One striking realization about spatial computing is that we’re almost seven years into the sector’s current stage. This traces back to Facebook’s Oculus acquisition in early 2014 that kicked off the current wave of excitement….including lots of ups and downs in the intervening years.
That excitement culminated in 2016 after the Oculus acquisition had time to set off a chain reaction of startup activity, tech-giant investment, and VC inflows for the “next computing platform.” But when technical and practical realities caught up with spatial computing….it began to retract.
Like past tech revolutions – most memorably, the dot com boom/bust – spatial computing has followed a common pattern. Irrational exuberance is followed by retraction, market correction, and scorched earth. But then a reborn industry sprouts from those ashes and grows at a realistic pace.
That’s where we now sit in spatial computing’s lifecycle. It’s not the revolutionary platform shift touted circa-2016. And it’s not a silver bullet for everything we do in life and work as once hyped. But it will be transformative in narrower ways, and within a targeted set of use cases and verticals.
This is the topic of ARtillery’s recent report, Spatial Computing: 2020 Lessons, 2021 Outlook. Key questions include, what did we learn in the past year? What are projections for the coming year? And where does spatial computing — and its many subsegments — sit in its lifecycle?
Mobile: The First Step
Picking up where we left off in the last installment in this series, AR’s headworn endgame is still years away. But its near-term opportunity is alive today in the mobile realm. This involves the more scalable manifestation of the technology that’s activated through the smartphone camera.
In fact, one of mobile AR’s longstanding confidence signals is the sheer size of the smartphone installed base. Compared to the uphill battle that AR glasses face, mobile AR — though challenged in its own ways — has an easier climb due to ubiquitous hardware.
But more important than the smartphone base is the share of that universe that’s AR-compatible. The fastest-growing AR compatibility in today’s smartphone landscape is with Snapchat, Facebook, and web AR, according to ARtillery Intelligence’s Mobile AR forecast.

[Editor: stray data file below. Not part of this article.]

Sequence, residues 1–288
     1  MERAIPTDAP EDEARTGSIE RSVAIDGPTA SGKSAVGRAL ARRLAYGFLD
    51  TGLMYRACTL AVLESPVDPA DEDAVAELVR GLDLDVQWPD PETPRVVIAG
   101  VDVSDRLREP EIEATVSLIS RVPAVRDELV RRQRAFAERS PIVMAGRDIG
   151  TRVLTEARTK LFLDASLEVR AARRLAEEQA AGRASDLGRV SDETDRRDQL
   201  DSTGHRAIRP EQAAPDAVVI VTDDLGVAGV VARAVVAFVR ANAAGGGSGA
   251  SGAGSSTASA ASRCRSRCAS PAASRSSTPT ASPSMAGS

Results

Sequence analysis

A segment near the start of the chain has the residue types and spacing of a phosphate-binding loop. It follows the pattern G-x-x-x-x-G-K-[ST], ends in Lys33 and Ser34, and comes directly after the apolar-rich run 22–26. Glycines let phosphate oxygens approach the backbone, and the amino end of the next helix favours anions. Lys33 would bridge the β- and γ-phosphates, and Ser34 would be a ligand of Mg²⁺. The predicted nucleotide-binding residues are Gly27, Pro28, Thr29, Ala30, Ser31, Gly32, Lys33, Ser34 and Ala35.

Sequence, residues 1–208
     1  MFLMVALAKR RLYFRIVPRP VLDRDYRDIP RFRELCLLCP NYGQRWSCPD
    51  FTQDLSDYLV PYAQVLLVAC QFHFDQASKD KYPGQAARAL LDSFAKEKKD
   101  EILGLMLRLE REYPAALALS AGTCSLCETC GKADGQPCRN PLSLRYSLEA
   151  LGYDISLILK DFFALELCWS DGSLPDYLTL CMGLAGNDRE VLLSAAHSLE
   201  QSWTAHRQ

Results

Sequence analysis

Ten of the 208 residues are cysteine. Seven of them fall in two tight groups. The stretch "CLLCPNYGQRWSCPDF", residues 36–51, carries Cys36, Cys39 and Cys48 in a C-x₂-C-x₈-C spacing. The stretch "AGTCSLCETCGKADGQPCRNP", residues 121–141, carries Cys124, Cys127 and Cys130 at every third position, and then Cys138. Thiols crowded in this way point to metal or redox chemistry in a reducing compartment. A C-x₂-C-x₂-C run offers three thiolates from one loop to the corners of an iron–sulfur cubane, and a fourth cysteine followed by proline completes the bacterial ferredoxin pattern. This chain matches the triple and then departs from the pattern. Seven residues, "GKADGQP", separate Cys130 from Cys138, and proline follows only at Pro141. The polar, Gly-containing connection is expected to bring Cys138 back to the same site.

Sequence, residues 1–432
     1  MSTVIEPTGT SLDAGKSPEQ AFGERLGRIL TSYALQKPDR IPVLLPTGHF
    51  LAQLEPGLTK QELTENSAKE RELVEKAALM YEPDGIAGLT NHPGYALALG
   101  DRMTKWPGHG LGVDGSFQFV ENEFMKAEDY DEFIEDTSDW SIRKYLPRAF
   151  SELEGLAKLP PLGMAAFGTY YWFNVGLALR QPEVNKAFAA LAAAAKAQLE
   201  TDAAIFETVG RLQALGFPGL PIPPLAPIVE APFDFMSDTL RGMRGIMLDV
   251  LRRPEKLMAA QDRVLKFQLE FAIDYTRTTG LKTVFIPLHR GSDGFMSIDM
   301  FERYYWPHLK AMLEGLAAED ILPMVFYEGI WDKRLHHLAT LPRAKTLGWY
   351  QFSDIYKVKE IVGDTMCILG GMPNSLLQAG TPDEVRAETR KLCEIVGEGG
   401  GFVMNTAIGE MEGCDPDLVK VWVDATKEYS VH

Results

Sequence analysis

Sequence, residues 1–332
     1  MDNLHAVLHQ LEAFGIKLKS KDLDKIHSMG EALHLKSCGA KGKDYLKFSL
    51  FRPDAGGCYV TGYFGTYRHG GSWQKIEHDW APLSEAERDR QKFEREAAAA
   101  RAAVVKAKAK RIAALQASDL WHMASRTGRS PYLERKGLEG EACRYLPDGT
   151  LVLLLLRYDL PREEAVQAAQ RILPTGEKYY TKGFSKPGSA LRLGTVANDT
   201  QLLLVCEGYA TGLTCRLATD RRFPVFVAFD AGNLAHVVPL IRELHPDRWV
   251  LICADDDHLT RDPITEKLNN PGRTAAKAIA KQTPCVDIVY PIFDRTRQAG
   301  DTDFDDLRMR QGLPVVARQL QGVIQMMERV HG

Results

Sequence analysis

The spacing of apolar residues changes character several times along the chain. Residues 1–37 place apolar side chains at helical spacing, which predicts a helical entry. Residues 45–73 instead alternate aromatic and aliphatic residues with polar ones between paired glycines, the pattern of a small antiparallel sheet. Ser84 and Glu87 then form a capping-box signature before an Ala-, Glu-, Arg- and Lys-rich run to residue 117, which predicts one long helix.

Breaking that down a bit, the greatest compatibility comes from web AR, with 3.04 billion units. That’s followed by Facebook (1.58 billion) ARkit (1.19 billion), TikTok (950 million), ARCore (633 million) and Snapchat (265 million). These aren’t necessarily AR active devices.
AR active devices are a subset of that total. ARtillery Intelligence estimates that total to be 598 million, which is a de-duplicated figure that factors in platform overlap. This is projected to grow to 1.73 billion by 2024 as more advanced hardware cycles in, and as AR acclimates culturally.
One thing that jumps out from the above figures is that there isn’t a correlation between compatibility and active-use. For example, web AR’s compatibility lead is contrasted by its trailing active use – a mark of growth potential and ample headroom for the nascent AR modality.
TikTok is in a similar boat with promising reach but underdeveloped AR. Snapchat conversely has the lowest compatibility among platforms (265 million) but the second-highest active use (about 200 million). This gives it the greatest ratio of AR active users per compatible device.
Facebook sits somewhere in the middle with a diversified AR approach (News Feed, Messenger, Portal). But Instagram could be the real ace up its sleeve given a cultural match with camera-forward users, and natural monetization with the product-discovery use case it’s conditioned.
TikTok is also a sleeping giant in mobile AR. In fact, it now sits in a position that’s similar to where Snapchat was several years ago before it launched its Lens Studio developer platform. If TikTok is able to do similarly by scaling up lens creation through a platform approach, it could be formidable.
See the full report here and we’ll circle back with more excerpts in the coming weeks.